Developmental Discourses


Developmental Psychology
Lifespan Psychology
Stage Theories
Structural Stages Theories


Qualitative shifts in modes of cognition

Principal Metaphors

  • Knowledge is … the range of developmental possibility
  • Knowing is … stage-influenced interpretations of prior construals
  • Learner is … a transforming individual (sometimes, an individual-in-context; rarely, a collective)
  • Learning is … construing and reconstruing
  • Teaching is … occasioning, prompting, triggering, listening




Within Developmental Discourses, learning is understood as a recursively elaborative process rather than a linear accumulative one. Most Developmental Discourses focus on how learners’ key habits of perception and interpretation – that is, their strategies and preferences for construing and reconstruing ­their webs of understanding – change amid predictable sequences of biological, psychological, and emotional transformation. The basic idea dates back centuries, but it wasn’t until the 20th century until a range of empirically grounded theories emerged, reaching across matters of individual cognition and social engagement. Associated discourses and constructs include:
  • Early Childhood Education (Early Years Education; Early Experience) ­– the Formal, Non-Formal, and Informal Learning (see In-/Non-Formal Learning) experiences of a child from birth to the start of schooling, at about age 5
  • Growth – in principle, any sequence of changes that contributes to expanded psychological and/or physical possibilities for an agent. That said, among Developmental Discourses, “growth” is often (but not always) treated as a synonym for “development” – and, by consequence, it is often interpreted to stop when the agent reaches “maturity.”
  • Hurried Child (Hurried Child Syndrome) (David Elkind, 1980s) – stress-linked behaviors arising from expecting too much of children too soon – often in the context of academic performance, but also in physical, social, and emotional matters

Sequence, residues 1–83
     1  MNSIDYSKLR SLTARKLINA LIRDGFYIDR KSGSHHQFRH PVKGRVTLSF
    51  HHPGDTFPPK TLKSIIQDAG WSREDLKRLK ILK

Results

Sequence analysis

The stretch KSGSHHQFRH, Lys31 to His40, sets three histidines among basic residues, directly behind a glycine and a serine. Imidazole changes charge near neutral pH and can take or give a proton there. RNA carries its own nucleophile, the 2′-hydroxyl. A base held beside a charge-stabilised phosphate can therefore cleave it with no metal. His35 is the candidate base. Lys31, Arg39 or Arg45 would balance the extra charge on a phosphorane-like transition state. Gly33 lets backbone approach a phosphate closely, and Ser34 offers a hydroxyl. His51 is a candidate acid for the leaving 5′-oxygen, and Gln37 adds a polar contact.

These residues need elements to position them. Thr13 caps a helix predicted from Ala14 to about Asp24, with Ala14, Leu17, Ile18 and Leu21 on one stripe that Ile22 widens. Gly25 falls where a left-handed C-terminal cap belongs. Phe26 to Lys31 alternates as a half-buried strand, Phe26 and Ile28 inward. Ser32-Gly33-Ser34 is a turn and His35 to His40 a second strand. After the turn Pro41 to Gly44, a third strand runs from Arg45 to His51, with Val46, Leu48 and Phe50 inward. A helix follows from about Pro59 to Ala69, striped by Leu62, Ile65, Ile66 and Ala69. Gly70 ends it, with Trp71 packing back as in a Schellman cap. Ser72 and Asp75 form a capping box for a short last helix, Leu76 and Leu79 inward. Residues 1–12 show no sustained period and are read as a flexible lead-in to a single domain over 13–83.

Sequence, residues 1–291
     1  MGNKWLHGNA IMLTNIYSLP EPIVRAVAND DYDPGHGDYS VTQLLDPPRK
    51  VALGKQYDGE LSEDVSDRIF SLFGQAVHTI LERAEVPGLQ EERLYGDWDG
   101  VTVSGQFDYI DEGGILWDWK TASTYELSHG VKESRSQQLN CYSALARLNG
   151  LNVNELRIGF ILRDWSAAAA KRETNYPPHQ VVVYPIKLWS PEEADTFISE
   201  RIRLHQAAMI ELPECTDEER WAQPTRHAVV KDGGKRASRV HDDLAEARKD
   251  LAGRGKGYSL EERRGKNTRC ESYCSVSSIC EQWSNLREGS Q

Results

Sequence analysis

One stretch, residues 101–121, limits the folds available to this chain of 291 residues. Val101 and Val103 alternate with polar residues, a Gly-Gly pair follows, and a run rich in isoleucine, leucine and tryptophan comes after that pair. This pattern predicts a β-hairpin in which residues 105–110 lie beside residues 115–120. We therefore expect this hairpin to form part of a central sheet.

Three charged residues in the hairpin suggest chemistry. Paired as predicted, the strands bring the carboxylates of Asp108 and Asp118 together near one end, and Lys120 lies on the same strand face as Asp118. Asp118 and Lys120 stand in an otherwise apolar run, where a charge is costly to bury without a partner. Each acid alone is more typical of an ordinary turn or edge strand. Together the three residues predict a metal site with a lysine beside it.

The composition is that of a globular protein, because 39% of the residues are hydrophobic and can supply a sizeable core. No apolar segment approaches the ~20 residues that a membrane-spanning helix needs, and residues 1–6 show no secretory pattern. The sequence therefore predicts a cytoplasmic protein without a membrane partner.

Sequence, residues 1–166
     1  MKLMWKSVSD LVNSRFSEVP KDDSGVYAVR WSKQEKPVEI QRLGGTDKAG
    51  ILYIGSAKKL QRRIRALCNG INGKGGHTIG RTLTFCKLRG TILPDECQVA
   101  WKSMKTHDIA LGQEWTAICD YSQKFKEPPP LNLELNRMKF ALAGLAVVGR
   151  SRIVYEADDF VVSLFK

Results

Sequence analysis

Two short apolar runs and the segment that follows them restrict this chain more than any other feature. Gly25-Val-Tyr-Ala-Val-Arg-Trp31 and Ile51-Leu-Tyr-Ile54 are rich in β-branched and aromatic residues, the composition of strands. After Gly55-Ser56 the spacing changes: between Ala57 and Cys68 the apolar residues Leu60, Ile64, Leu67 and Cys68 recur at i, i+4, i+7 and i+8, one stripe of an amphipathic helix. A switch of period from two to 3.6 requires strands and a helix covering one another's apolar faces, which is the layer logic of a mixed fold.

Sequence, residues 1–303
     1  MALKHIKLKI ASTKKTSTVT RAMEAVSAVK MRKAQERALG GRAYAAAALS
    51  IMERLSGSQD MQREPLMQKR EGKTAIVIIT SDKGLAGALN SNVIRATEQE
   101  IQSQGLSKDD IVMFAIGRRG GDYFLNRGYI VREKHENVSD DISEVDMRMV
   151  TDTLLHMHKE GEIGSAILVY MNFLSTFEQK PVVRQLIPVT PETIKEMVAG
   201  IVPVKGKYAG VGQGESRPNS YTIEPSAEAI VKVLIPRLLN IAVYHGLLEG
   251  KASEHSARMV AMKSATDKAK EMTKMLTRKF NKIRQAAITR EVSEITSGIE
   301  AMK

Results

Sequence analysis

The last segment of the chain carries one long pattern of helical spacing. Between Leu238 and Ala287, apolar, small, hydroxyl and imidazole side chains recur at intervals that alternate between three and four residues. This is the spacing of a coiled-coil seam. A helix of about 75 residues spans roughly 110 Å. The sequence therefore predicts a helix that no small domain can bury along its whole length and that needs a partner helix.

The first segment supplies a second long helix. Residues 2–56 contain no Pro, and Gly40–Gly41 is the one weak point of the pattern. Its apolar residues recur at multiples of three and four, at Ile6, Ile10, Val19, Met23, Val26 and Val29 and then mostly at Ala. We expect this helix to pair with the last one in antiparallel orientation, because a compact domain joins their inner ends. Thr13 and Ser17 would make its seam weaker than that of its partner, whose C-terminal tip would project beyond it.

• Maturational Lag – slowness in some aspect(s) of physical development (relative to agements), typically with consequences for cognition and behavior
  • Multistage Theory – a descriptive category that includes any model or theory that is framed in terms of movement through or across multiple, well-defined levels or stages
  • Pedology (various, 1920s) – a movement focused on the scientific study of child development.  Strong emphases are place on testing ability and determining individual differences
  • Personality Development – an umbrella term used to describe and collect discourses that address processes and consequences of self-creation, including tactics of distinguishing one’s self from others’ selves, sites of collective identifications, life-altering events, and ever-evolving contexts across the lifespan. Associated discourses include:
    • Positive Adult Development (Michael Commons, 2000s) ­– a model of constructive and lifelong personal development in element that is structured around six processes: hierarchical complexity (i.e., sequenced levels), knowledge, experience, expertise, wisdom, spirituality


Developmental Discourses were initially criticized for models of growth and change that seemed to offer universal developmental stages, failing to account for differences across cultures and settings. Current theories have responded with appropriate qualifications and elaborations. A second common criticism is that models of development are often interpreted in terms of ladders or lock-step linear trajectories. While some developmental theorists had that sort of imagery in mind, most envisioned something more like expanding spheres of possibility, with each new stage including but transcending prior stages.


  • Early Childhood Education (Early Years Education; Early Experience)
  • Growth
  • Hurried Child (Hurried Child Syndrome)
  • Maturational Lag
  • Multistage Theory
  • Pedology
  • Personality Development
  • Positive Adult Development

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Please cite this article as:
Davis, B., & Francis, K. (2022). “Developmental Discourses” in Discourses on Learning in Education.

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